William Lynch, Chief Executive Officer of Barnes & Noble, holds the new NOOKcolor, the first full-color touch reader's tablet, prior to its introduction in New York on Tuesday, October 26, 2010. Designed to read many types of content, NOOKcolor has a 7-inch display that showcases books, a large selection of magazines and newspapers and children's picture books in rich color.AP/Jim Sulley/newscast
Barnes & Noble is introducing a new Nook e-reader with a color touch screen for $249 as competition among e-reader makers heats up ahead of the holidays.
The Nookcolor can be used for reading digital books, magazines, newspapers and children's books. It ups the competition for e-readers by including functions common to more expensive tablet computers such as Apple's iPad with features such as games, music, Web browsing and its own application store. It runs on Google's Android operating system.
Barnes & Noble, which announced the product Tuesday, said it will begin taking orders at its stores on Wednesday and begin shipping in mid-November.
E-readers are expected to be popular holiday gifts. Competition has exploded over the past year with new models and price cuts for Amazon.com's Kindle and offerings from Kobo, Sony and others all competing against tablet computers such as the iPad.
When Barnes & Noble introduced its Nook e-reader last year, its primary competition was Amazon.com's dominant Kindle, which retails for $139-189. The Nookcolor is $50 more than the most expensive Nook currently on the market.
There are now many e-readers available from Sony, Kobo and others, in addition to the popular iPad. E-readers are expected to be popular gifts this holiday season, so makers are amping up competition.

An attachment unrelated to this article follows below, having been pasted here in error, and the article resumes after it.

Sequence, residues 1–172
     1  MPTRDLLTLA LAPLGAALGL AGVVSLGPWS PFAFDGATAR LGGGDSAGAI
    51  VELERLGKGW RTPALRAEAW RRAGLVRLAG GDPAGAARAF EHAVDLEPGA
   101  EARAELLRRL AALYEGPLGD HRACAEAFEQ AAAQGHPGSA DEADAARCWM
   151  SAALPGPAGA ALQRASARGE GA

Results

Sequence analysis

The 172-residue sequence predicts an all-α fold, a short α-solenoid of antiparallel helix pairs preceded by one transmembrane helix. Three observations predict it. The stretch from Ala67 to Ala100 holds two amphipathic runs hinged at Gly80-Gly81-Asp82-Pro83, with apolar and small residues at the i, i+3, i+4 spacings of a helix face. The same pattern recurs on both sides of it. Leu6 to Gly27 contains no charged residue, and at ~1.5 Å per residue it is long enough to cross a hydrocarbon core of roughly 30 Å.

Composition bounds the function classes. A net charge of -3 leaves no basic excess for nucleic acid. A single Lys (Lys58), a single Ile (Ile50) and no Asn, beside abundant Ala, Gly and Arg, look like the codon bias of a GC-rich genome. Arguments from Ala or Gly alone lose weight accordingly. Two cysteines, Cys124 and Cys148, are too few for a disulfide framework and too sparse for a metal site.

The current Nook offers color on the bottom half of its dual screen display, but not in the screen where the book is displayed. No other e-readers available on the U.S. market currently offer color displays.
Barnes & Noble also plans to launch a digital collection of more than 12,000 kids books, including picture books, for the Nook.
The low price is enticing because it undercuts the iPad's $499 starting price so much, said Simba Information's Michael Norris.
"What they want to avoid doing is creating product that will make consumers think, 'I'll just spend 'X' much more and get an iPad," he said.
E-reader makers have amped up competition with price cuts and other deals.
On Monday Borders, which offers several e-readers online and in stores, launched some limited offers through Sunday. Shoppers can save $30 on some of its readers and get free shipping with online orders of the devices. It is also offering a $25 gift card with a Velocity Micro Cruz tablet purchase, free eBooks with a Kobo preorder and 20 percent off eReader accessories.
Also last week, Amazon said it would offer a lending capability for e-books starting later this year, similar to the service that Barnes & Noble's Nook offers. Amazon has been expanding distribution for the Kindle, which is now available at Best Buy and Target and Walmart along with Amazon.com. The Nook is also available at Best Buy and Walmart, along with Barnes & Noble stores.
The electronic book sector is small but rapidly expanding, and traditional booksellers like Barnes & Noble and Borders are pinning their future success on the sector. Research firm The Yankee Group has forecast 6 million e-book readers will be sold in 2010, and expects the market to grow to $2.5 billion by 2013.
Shares of Barnes & Noble fell 19 cents to close at $14.98 but were unchanged in after-hours trading Tuesday.